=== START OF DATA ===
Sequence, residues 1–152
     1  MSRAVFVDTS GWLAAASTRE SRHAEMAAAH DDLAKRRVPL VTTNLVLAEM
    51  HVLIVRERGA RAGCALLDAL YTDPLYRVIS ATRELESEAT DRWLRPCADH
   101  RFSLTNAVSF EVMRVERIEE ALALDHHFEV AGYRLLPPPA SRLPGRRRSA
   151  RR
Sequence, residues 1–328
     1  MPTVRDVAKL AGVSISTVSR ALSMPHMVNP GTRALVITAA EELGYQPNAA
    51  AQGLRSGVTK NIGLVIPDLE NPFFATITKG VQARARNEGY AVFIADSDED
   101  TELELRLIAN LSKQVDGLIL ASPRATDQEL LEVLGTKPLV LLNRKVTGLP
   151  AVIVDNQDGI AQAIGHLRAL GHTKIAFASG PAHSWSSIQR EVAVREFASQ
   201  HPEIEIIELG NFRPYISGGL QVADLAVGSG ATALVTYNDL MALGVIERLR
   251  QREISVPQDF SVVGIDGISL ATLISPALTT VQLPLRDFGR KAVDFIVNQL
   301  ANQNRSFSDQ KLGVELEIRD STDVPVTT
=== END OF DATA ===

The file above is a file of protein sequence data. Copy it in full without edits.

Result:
Sequence, residues 1–152
     1  MSRAVFVDTS GWLAAASTRE SRHAEMAAAH DDLAKRRVPL VTTNLVLAEM
    51  HVLIVRERGA RAGCALLDAL YTDPLYRVIS ATRELESEAT DRWLRPCADH
   101  RFSLTNAVSF EVMRVERIEE ALALDHHFEV AGYRLLPPPA SRLPGRRRSA
   151  RR
Sequence, residues 1–328
     1  MPTVRDVAKL AGVSISTVSR ALSMPHMVNP GTRALVITAA EELGYQPNAA
    51  AQGLRSGVTK NIGLVIPDLE NPFFATITKG VQARARNEGY AVFIADSDED
   101  TELELRLIAN LSKQVDGLIL ASPRATDQEL LEVLGTKPLV LLNRKVTGLP
   151  AVIVDNQDGI AQAIGHLRAL GHTKIAFASG PAHSWSSIQR EVAVREFASQ
   201  HPEIEIIELG NFRPYISGGL QVADLAVGSG ATALVTYNDL MALGVIERLR
   251  QREISVPQDF SVVGIDGISL ATLISPALTT VQLPLRDFGR KAVDFIVNQL
   301  ANQNRSFSDQ KLGVELEIRD STDVPVTT